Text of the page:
Some see it as divine retribution for the killing of Saint Waidwen, a burning prophet who recently waged a holy war: others think that his God’s religion itself is to blame. ‘Animancers’ loot the ruins of the ancient Engwithan society, seeking relics that will advance the art of soul manipulation and perhaps find a cure – but their hastily prototyped ‘solutions’ have often been disastrous.

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The central plot begins with the player character caught in a soul-shredding supernatural blizzard. This ‘Awakens’ memories of a past life trapped within their soul, and reveals them to be a Watcher, a natural soul-scryer who can see and interact with the souls of others. The search for answers, and the threat that their mind will fall apart with its new knowledge, drives the player’s quest.

The player’s adventure is tied into the fundamental laws of this fantasy universe. Yet the world manages to feel much bigger than just your adventure in it. History rests on top of history in the Dyrwood, with multiple generations of settlement, rebellion, and war. Its a metropolitan fantasy world, with visiting cultures from nations you’ll never see first hand making themselves felt in the story. Each culture jostles for a place in the world, and has its own memories of events both recent and distant.

Pillars of Eternity screenshot - a fight in the docks

Pillars of Eternity has an approach to liberal values that could only have been made in 2015 – by which I mean, it’s complicated. Sometimes it’s cheerful and unexamined: boreal dwarf ranger Sagani is on a multiple-year quest to find the reincarnation of a tribal ancestor, leaving her husband in the traditional role of child-rearing. No questions asked.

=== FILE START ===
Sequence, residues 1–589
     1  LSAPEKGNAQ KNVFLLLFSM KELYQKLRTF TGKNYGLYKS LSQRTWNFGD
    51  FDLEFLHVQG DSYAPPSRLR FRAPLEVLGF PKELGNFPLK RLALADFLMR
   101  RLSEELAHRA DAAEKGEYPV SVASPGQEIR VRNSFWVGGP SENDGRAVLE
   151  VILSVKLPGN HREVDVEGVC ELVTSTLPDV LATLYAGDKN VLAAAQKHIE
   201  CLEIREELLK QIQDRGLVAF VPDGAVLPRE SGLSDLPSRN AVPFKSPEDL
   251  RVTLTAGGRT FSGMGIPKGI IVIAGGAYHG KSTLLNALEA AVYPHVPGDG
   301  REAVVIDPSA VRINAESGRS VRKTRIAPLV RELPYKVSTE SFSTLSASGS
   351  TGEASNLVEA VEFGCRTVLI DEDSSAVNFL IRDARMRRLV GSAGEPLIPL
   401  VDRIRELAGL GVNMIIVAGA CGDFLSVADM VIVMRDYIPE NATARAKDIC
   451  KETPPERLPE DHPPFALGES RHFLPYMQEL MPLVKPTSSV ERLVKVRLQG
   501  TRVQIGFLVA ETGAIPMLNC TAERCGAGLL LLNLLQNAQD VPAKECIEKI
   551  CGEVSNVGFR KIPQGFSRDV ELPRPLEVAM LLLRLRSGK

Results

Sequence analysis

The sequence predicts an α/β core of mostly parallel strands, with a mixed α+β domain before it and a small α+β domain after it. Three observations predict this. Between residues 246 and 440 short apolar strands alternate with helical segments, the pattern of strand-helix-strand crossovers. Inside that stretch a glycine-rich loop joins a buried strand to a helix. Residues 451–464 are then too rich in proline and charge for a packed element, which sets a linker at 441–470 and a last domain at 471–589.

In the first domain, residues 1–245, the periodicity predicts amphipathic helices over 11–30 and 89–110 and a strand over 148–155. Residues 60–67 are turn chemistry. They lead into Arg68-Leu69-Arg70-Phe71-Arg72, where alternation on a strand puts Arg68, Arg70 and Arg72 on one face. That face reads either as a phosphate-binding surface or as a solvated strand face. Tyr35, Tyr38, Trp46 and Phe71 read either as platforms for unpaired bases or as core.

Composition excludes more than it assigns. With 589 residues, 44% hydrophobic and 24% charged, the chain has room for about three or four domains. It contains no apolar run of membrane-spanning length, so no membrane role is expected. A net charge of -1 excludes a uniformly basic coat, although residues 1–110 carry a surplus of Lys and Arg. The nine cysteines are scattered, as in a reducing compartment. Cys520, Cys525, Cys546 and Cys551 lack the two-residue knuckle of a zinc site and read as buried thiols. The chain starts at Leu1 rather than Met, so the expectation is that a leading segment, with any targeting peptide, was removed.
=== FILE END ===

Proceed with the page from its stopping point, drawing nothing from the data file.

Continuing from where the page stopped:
The elf wizard Aloth shares his personality with a previous incarnation, a tribeswoman, and he’s far more disturbed by her manners than her gender. A visit to the brothel in port district Odra’s Gift reveals that the patrons are both male and female, and the professionals come from every gender and species on Eora.

At other times, the game is all too eager to explore the nastier consequences of its setting. Descriptions of infanticide and miscarriage resulting from the supernatural curse are present from very early in the story, and prevalent throughout.

Pillars of Eternity screenshot - a mysterious pool of blood

The colonial history of the region is brutal, and an early plot point involves a Watcher who discovers that his soul once belonged to a war rapist, and then the son of that assault who eventually burnt down his father’s village in retribution.

It’s an unconsciously confrontational approach to potentially upsetting themes – like I say, very 2015. Nevertheless, it has me hooked. It has been a very long time since I cared this deeply about the setting and story of a digital RPG. The Witcher 3 came close, but mostly that was Geralt’s voice. Before that, we’re talking Planescape Torment.

Pillars of Eternity screenshot - a fight in an underground theatre

Pillars is no slept-upon Indie darling. Its Kickstarter success made waves, proving there was huge demand for isometric RPGs at a time when the industry had largely abandoned them. That kicked off a mini renaissance for the genre that eventually gave us hits like Disco Elysium and, yes, Baldur’s Gate 3 itself.

What strikes me as most remarkable is how similar Pillars of Eternity and Baldur’s Gate 3 can be, while remaining totally different. Both are the product of passionate, experienced teams, masters in their respective fields. Both grapple with the legacy of the original Baldur’s Gate games in their narrative scope and design choices. Both strive to provide an authentically DnD experience, often in spite of the tools that DnD provides. Both are great.

Pillars of Eternity is on the PC Game Pass games list, and is currently $7.50 in the Steam Summer Sale. If you’re using a particular battered laptop, you can check with our friends at PCGameBenchmark to find out how well it will run on your system.